As far as next generation console launches go, the ninth generation has been comparatively slow with only a few “next-gen” experiences released thus far. Being someone who got in from day one, you’d think that I would be disappointed by how slowly the justification comes for that price, however you’d be mistaken. Even with the bigger releases, I’ve always gravitated to the creatively-freed indie space for my gaming experiences and, whenever the new big game comes out, I always find it a fun distraction rather than a marker of the year. What actually justifies my jump to the next generation at the starting point, for me, has been to experience – in the best possible way – this new generation of indie development; a space that has gotten less difficult to start in and has less obstacles to overcome. In a way then, The Ascent is one of the first “next-gen” games that I played and I couldn’t be happier with the experience or more excited by what’s to come, either from Neon Giant (the studio behind The Ascent) or by the general indie space.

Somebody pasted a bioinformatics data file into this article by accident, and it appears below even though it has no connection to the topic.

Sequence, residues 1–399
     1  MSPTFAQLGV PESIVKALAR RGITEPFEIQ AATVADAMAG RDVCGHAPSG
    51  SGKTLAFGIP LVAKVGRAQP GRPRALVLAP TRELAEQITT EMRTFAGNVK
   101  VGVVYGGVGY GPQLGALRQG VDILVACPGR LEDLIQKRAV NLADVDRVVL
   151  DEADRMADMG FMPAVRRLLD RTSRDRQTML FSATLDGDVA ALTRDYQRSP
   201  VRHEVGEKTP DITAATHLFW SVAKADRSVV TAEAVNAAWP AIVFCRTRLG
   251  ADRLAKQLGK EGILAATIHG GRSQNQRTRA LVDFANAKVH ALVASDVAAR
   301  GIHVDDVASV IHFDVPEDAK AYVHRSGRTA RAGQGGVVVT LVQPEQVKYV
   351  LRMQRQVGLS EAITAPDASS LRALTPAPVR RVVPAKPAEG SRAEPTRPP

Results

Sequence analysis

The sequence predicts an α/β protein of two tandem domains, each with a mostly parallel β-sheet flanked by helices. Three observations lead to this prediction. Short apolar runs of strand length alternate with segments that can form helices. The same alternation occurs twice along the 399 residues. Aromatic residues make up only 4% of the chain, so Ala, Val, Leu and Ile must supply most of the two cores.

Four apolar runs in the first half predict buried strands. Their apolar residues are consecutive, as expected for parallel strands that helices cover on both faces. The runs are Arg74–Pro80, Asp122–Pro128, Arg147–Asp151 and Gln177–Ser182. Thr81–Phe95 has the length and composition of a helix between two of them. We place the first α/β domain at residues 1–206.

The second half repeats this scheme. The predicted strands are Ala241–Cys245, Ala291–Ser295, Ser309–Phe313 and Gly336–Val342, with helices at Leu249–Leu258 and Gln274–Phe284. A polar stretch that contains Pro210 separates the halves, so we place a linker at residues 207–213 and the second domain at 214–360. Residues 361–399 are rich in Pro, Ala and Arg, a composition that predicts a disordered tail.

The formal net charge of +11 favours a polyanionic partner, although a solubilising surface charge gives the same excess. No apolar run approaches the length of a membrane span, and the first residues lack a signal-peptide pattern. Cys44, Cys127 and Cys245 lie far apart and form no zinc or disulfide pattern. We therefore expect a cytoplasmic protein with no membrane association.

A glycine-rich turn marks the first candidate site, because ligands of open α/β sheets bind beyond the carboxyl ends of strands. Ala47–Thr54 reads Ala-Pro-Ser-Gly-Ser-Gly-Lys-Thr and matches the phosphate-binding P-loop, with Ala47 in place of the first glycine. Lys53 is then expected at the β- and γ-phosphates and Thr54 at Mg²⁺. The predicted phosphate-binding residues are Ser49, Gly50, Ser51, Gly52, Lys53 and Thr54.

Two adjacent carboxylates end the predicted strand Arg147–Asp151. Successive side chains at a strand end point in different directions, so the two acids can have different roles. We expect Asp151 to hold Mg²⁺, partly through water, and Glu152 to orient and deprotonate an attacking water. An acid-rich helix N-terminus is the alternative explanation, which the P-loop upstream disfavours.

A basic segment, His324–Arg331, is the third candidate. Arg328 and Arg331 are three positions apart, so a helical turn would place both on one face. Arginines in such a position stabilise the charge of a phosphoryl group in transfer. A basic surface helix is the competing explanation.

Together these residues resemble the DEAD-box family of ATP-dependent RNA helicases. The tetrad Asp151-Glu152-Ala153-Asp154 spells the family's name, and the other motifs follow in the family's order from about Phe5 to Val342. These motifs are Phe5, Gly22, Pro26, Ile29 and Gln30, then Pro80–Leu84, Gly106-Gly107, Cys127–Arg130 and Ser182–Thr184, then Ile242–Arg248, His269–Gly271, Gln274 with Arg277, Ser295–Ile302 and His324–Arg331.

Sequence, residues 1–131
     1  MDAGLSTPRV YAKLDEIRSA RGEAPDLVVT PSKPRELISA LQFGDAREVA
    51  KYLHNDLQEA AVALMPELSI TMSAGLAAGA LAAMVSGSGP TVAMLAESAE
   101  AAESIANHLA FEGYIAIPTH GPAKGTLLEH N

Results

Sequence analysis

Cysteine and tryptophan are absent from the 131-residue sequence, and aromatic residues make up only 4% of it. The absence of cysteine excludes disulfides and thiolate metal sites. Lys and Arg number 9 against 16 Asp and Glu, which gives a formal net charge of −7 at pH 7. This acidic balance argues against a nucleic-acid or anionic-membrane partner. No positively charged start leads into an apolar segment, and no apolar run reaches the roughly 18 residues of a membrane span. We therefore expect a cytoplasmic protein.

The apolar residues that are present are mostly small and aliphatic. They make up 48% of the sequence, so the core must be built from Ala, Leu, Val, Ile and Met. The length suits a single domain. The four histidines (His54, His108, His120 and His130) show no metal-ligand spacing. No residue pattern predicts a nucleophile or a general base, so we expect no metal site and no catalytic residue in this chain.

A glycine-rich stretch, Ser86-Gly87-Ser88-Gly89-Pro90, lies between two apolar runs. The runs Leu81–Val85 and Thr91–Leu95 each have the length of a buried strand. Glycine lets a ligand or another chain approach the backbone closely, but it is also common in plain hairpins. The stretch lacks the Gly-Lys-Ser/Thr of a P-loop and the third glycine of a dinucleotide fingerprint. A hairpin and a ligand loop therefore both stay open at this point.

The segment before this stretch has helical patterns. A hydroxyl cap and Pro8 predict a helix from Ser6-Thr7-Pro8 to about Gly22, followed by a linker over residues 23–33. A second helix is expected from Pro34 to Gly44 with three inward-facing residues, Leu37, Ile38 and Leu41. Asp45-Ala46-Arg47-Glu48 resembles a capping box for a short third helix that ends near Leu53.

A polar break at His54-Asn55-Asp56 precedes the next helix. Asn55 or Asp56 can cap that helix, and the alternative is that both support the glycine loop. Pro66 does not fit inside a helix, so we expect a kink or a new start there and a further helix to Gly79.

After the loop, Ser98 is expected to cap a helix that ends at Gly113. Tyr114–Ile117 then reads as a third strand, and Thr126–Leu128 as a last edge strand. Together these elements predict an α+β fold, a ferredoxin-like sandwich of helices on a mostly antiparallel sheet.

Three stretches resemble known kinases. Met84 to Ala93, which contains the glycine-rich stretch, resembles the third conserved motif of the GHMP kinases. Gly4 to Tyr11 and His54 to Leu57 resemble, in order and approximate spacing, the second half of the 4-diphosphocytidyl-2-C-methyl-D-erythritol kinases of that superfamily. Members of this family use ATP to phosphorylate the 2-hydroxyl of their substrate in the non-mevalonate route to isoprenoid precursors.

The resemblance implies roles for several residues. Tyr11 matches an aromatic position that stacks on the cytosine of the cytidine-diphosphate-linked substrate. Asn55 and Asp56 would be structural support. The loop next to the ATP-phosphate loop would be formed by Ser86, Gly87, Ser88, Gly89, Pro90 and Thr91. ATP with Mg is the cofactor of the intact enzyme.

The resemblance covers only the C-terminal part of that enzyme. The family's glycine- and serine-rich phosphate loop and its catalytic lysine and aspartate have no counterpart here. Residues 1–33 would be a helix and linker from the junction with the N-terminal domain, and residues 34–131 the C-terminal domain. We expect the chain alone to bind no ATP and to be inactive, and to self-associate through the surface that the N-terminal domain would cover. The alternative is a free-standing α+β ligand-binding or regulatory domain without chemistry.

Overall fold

The Ascent is a top-down, twin-stick shooter with light-RPG elements and a cyberpunk aesthetic, about a lowlife mercenary employee of The Ascent group that has just gone under and has left their employees fighting for their lives against other corporations and gangs fighting for the recently available assets of the group. Most people who already know about the game may come in thinking that it’s “top-down Diablo”, but as always, that is too condescending and simplified to the point of misleading potential players; the best condensed pitch for the game is “top-down Gears of War”, which acts as a nice primer of what to expect. Mechanics-wise, The Ascent has one gimmick that absolutely changes the way the genre plays and is what makes the game feel unique: Height. The game has a fully functioning cover system that allows your character to crouch behind waist-high objects and take cover from enemy fire; shooting your guns is now either hip-fire or shoulder-high to shoot over cover and to stagger enemies; enemies themselves can be short requiring hip-fire to hit them or can crouch behind cover as well and fire over it like the player; the world has multiple layers of verticality which adds to the dystopian nature of the game and has gameplay ramifications like having the high-ground being a tactical advantage and disadvantage at times. This is what makes The Ascent one of my favorite games of the year thus far; it’s a top-down, twin-stick shooter that requires planning and tactics yet pushes the player into the genre defining fast-paced action. Enemies will flank your cover and throw grenades, while melee opponents will rush you and force you to move, eliciting that feeling of Gears where you see the Locust rush you with grenades and flank your position; difference being, out of cover gameplay in The Ascent matches the best in the genre of twin-stick shooters and can be an exhilarating experience of reacting to enemies from multiple directions and keep moving to better positions to outsmart and outpower your opponents.